The project — likely the most expensive rehab in the school district’s history — could also equip the 72-year-old Art Deco-designed school at 2100 E. 87th St., with new furniture, fixtures and on campus parking, according a request for qualifications issued last Thursday by the Public Building Commission. The agency is seeking an architect of record to handle architecture and engineering services for the effort.
Although light on details, the document mentioned “some areas of the existing building will be demolished, other spaces within the existing building will be renovated and an addition may also be constructed.” A construction cost was not listed, but $75 million in construction funds were set aside by the state last year — the most for any existing Chicago Public School — to convert Chicago Vocational into a six-year Science, Technology, Engineering and Math academy with a curriculum and program developed by IBM, Cisco, Microsoft, Motorola Solutions and Verizon.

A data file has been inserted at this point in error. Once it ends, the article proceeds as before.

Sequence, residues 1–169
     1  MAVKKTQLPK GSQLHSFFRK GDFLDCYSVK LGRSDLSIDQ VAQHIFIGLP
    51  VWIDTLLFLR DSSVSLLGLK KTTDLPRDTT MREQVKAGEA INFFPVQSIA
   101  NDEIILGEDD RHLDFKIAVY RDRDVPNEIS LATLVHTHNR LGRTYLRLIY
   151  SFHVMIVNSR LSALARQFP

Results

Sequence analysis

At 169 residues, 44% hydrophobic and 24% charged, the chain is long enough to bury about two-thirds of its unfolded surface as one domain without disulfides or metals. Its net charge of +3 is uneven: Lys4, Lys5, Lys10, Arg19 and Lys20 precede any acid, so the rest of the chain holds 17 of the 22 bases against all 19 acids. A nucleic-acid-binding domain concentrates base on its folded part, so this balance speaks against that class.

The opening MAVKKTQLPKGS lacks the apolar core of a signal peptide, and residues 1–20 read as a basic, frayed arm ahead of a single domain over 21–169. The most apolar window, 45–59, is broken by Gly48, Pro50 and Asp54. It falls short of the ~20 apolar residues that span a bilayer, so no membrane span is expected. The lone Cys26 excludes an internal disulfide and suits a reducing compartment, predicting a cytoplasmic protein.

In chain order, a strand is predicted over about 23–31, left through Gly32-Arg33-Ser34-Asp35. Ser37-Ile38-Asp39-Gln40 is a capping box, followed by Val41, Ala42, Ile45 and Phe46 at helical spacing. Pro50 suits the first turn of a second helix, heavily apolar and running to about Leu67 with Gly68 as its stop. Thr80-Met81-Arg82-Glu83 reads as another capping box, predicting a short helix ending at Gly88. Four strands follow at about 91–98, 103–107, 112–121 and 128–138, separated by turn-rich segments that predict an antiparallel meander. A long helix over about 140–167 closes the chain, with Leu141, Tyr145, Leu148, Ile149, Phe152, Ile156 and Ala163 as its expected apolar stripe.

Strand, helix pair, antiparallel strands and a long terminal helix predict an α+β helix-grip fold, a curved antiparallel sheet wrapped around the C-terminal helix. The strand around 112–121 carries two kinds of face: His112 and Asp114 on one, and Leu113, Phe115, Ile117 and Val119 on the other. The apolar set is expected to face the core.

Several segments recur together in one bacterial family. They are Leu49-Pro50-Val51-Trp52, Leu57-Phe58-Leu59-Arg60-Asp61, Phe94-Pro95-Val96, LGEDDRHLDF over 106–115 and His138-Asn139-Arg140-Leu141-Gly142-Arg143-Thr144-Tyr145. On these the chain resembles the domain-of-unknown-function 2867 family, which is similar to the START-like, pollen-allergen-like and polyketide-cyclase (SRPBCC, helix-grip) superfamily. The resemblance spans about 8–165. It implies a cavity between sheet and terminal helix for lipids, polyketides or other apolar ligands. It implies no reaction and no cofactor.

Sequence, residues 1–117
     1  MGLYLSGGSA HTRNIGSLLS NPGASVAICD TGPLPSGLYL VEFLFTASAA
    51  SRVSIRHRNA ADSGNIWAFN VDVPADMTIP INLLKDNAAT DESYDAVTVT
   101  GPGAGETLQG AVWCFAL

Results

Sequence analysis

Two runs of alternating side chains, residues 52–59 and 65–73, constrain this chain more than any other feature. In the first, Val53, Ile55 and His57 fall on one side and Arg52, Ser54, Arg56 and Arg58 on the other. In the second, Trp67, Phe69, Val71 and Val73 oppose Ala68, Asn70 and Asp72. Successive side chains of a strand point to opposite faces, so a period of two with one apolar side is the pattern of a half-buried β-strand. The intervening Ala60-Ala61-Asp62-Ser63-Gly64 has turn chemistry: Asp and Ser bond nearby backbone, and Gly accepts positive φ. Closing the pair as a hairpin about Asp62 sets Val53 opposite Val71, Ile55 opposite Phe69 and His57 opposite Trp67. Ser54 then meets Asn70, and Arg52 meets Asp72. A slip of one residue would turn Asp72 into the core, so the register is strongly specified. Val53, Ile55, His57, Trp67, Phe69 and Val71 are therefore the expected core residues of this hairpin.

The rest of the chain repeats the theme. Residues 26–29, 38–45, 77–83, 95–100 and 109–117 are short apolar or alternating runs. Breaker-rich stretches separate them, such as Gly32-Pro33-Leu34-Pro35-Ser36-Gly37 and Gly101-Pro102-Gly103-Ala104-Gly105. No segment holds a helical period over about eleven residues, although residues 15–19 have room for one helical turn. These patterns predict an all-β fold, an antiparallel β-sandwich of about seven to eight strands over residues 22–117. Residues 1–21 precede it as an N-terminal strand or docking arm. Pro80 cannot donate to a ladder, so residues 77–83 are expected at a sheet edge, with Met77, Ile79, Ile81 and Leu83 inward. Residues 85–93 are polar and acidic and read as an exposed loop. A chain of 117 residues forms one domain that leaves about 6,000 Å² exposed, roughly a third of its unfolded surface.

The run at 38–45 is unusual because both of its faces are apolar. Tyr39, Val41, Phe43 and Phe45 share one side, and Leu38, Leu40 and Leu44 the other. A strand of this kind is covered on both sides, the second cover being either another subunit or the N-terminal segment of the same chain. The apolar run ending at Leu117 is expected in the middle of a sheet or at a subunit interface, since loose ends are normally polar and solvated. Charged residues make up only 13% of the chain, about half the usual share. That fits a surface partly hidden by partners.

Built in 1940, the former Chicago Vocational High School is among the city’s most distinctive buildings. Its sheer size — 800,000sq ft placed on 25 acres of land — makes it unusual, as does its blocky, machine-age Art Deco styling. But the building shows signs of wear and decay—particularly the roof and exterior masonry.
And yet, even in distress, the school cuts a fine figure: